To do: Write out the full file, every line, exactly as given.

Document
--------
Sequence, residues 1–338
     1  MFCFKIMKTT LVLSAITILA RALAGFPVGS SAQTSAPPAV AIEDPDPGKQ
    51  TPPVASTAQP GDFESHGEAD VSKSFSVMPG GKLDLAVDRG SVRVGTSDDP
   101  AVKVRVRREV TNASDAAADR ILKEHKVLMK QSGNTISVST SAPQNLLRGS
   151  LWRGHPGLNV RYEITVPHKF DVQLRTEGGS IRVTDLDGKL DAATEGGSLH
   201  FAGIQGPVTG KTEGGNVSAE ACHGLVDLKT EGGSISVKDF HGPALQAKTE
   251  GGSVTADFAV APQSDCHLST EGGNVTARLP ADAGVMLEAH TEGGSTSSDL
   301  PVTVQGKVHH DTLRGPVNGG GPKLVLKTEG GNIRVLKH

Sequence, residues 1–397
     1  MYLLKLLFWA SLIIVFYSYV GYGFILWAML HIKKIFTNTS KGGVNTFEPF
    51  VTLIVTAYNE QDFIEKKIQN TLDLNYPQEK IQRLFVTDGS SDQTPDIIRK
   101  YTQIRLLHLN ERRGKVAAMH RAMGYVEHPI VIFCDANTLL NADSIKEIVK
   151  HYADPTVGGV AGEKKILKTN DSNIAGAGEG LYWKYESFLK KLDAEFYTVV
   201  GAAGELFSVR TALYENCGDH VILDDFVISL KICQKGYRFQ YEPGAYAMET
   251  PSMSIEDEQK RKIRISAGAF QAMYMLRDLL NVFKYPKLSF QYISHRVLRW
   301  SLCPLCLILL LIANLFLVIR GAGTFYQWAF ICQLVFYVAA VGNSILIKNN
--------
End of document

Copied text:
Sequence, residues 1–338
     1  MFCFKIMKTT LVLSAITILA RALAGFPVGS SAQTSAPPAV AIEDPDPGKQ
    51  TPPVASTAQP GDFESHGEAD VSKSFSVMPG GKLDLAVDRG SVRVGTSDDP
   101  AVKVRVRREV TNASDAAADR ILKEHKVLMK QSGNTISVST SAPQNLLRGS
   151  LWRGHPGLNV RYEITVPHKF DVQLRTEGGS IRVTDLDGKL DAATEGGSLH
   201  FAGIQGPVTG KTEGGNVSAE ACHGLVDLKT EGGSISVKDF HGPALQAKTE
   251  GGSVTADFAV APQSDCHLST EGGNVTARLP ADAGVMLEAH TEGGSTSSDL
   301  PVTVQGKVHH DTLRGPVNGG GPKLVLKTEG GNIRVLKH

Sequence, residues 1–397
     1  MYLLKLLFWA SLIIVFYSYV GYGFILWAML HIKKIFTNTS KGGVNTFEPF
    51  VTLIVTAYNE QDFIEKKIQN TLDLNYPQEK IQRLFVTDGS SDQTPDIIRK
   101  YTQIRLLHLN ERRGKVAAMH RAMGYVEHPI VIFCDANTLL NADSIKEIVK
   151  HYADPTVGGV AGEKKILKTN DSNIAGAGEG LYWKYESFLK KLDAEFYTVV
   201  GAAGELFSVR TALYENCGDH VILDDFVISL KICQKGYRFQ YEPGAYAMET
   251  PSMSIEDEQK RKIRISAGAF QAMYMLRDLL NVFKYPKLSF QYISHRVLRW
   301  SLCPLCLILL LIANLFLVIR GAGTFYQWAF ICQLVFYVAA VGNSILIKNN